How to: Spice up your ramen noodles

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Ramen noodles have a reputation for being the poor, starving college students’ go-to food. They can get old and boring after a while, though. But students can make them more interesting and healthy. Ideas like the ones below can help turn an ordinary college meal into something extraordinary.

A package o ramen noodles may seem boring to students but can be spiced up with protein or vegetables. (Joshua Jamias)
A package of ramen noodles may seem boring to students but can be spiced up with protein or vegetables. (Joshua Jamias)

1. Add a different sauce or condiment.

Many different sauces or toppings can change the entire flavor of ramen noodles. Citrus flavors will give the noodles more of a zest, while pepper flakes or hot sauce will give the dish a spicy kick. Garlic can give ramen an Italian taste as well as keep the vampires away — or the annoying kid in class who can’t take a hint. Remember to keep the ideas simple though — the more spices and sauces added, the more room there is for a bad flavor combination.

2. Add vegetables or fruits.

It doesn’t matter what’s available in a student’s apartment; almost anything goes. Vegetables and fruits that are in season tend to be cheaper and provide more options. Whether it be squash or apples, adding vegetables or fruits to ramen will make the dish healthier and add more interesting flavors and texture.

3. Add protein.

Protein can add more variety to any diet. Most ramen packets come with meat flavoring; yet the flavoring still lacks the physical presence of meat. If you prefer vegetarian noodles, tofu is another source of protein that could be added. Whether it be meat, tofu, nuts or eggs, protein is a great addition to ramen noodles. Students like Rebecca Castelo, a psychology major, scramble eggs with their ramen noodles.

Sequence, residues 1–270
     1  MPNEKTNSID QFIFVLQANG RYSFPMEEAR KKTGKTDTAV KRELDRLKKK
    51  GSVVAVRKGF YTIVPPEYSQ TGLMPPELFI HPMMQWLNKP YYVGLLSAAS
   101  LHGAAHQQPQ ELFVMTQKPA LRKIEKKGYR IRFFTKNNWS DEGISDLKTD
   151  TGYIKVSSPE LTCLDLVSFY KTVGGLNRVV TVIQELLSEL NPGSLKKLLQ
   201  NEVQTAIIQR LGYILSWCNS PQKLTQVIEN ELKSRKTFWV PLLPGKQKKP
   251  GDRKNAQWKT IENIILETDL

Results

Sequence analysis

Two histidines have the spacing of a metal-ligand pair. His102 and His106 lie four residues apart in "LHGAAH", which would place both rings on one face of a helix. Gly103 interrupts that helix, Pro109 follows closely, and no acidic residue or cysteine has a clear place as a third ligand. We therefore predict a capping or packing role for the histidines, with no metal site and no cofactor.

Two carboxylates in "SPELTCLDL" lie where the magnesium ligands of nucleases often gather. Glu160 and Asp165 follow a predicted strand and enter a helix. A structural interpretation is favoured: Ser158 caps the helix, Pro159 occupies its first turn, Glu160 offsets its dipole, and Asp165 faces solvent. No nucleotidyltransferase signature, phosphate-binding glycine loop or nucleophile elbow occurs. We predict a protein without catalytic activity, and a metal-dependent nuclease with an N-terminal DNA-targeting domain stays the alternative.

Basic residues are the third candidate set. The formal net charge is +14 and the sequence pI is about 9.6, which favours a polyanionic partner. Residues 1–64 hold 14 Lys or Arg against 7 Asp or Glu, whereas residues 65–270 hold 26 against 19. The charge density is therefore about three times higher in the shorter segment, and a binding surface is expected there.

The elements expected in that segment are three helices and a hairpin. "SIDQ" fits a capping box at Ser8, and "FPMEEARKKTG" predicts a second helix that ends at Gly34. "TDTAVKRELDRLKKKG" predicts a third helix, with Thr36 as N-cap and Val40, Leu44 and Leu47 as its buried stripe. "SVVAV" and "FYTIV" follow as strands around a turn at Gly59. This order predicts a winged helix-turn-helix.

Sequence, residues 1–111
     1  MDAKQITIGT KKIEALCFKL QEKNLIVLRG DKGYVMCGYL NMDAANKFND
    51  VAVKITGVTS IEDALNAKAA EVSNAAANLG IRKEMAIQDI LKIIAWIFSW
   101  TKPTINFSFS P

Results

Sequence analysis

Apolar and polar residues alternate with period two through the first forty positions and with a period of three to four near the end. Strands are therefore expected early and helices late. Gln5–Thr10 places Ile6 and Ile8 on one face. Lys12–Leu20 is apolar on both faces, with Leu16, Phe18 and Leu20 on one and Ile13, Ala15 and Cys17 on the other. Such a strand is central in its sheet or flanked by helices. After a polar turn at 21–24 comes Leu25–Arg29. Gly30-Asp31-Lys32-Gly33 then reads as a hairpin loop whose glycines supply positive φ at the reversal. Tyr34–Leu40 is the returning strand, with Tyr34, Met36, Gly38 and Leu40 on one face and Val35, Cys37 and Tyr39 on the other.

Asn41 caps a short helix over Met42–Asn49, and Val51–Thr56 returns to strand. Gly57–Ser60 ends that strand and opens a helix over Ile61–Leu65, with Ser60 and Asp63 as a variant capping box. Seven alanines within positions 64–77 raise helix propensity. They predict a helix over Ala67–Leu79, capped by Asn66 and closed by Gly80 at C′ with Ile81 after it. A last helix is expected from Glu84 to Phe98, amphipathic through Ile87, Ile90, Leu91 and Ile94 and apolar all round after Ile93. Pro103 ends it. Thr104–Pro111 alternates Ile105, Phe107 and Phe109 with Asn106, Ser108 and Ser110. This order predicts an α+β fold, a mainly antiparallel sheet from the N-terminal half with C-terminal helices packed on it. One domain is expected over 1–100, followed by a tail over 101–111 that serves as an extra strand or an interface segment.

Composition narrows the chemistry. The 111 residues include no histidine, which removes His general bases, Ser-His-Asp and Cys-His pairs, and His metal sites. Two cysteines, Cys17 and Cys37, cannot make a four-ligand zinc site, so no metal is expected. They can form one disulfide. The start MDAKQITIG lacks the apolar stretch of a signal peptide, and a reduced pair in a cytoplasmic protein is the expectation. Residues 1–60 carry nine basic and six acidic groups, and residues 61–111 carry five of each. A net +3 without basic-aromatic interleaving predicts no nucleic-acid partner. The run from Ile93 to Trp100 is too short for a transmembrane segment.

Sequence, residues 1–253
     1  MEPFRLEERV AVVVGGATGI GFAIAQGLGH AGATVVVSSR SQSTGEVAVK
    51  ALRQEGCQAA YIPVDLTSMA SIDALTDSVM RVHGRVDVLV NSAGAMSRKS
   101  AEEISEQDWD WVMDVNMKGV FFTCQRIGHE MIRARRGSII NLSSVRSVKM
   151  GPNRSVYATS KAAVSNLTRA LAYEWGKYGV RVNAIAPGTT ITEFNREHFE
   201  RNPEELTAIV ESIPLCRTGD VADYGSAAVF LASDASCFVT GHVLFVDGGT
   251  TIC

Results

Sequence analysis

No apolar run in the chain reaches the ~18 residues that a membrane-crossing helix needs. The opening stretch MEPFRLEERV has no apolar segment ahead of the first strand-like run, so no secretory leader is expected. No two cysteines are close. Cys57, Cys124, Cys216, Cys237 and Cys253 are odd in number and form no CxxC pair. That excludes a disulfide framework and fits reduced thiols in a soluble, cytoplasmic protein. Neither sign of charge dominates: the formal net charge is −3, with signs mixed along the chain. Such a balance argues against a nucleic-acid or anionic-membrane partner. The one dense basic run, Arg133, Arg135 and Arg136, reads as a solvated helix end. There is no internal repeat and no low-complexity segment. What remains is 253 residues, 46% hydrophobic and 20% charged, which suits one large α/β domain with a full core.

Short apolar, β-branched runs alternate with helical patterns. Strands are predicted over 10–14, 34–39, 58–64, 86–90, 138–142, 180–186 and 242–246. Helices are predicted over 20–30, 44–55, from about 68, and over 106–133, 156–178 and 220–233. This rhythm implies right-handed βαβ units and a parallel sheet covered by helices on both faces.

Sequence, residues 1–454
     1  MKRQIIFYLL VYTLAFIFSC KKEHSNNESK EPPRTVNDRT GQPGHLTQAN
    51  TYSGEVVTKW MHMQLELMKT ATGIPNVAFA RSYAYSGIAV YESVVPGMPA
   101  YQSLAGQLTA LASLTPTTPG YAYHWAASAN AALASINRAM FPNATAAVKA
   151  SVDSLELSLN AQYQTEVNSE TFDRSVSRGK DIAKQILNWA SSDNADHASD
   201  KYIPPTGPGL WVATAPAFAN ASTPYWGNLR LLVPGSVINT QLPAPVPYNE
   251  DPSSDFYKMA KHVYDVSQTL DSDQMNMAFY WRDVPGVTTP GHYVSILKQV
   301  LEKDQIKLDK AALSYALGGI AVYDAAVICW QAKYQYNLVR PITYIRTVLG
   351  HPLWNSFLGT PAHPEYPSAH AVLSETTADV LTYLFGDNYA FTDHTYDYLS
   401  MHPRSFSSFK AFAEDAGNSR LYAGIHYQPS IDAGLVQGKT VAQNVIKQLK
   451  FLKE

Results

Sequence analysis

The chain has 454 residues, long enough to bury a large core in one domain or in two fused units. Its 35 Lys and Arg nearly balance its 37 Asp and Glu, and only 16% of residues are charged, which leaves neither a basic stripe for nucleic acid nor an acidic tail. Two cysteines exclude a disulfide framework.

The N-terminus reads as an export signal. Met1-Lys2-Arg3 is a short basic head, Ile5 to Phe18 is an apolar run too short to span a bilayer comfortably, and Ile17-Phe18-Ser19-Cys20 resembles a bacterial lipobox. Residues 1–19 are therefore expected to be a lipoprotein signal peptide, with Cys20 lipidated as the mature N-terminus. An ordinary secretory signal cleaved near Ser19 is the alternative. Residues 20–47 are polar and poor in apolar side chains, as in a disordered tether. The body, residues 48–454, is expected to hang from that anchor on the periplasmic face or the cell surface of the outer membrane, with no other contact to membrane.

4. Use ramen in nontraditional dishes.

Ramen could be an easy substitute for some favorite meals like spaghetti. It could also be added to a casserole. It could even be put between two pieces of bread as part of a sandwich. Rachel Swendsen, a recreation management major, has friends who fry ramen and then crack an egg on it and flip it over so the egg is inside and then eat it as a sandwich. Not all combinations will be winners, but the key is to experiment and see what works and what doesn’t.

5. Be creative, and keep it simple.  

“You don’t have to make it fancy or complicated,” said Sarah Bellini, a BYU nutrition professor. “Be simple with it, and have fun.”

Don’t need to be afraid to fail. Channel your inner Iron Chef and utilize the ingredients already available, mix things up and try a new combination. There is no perfect guide for what does and doesn’t always work with ramen. Many different food items go well with ramen noodles. You never know when you’ll discover a new favorite.

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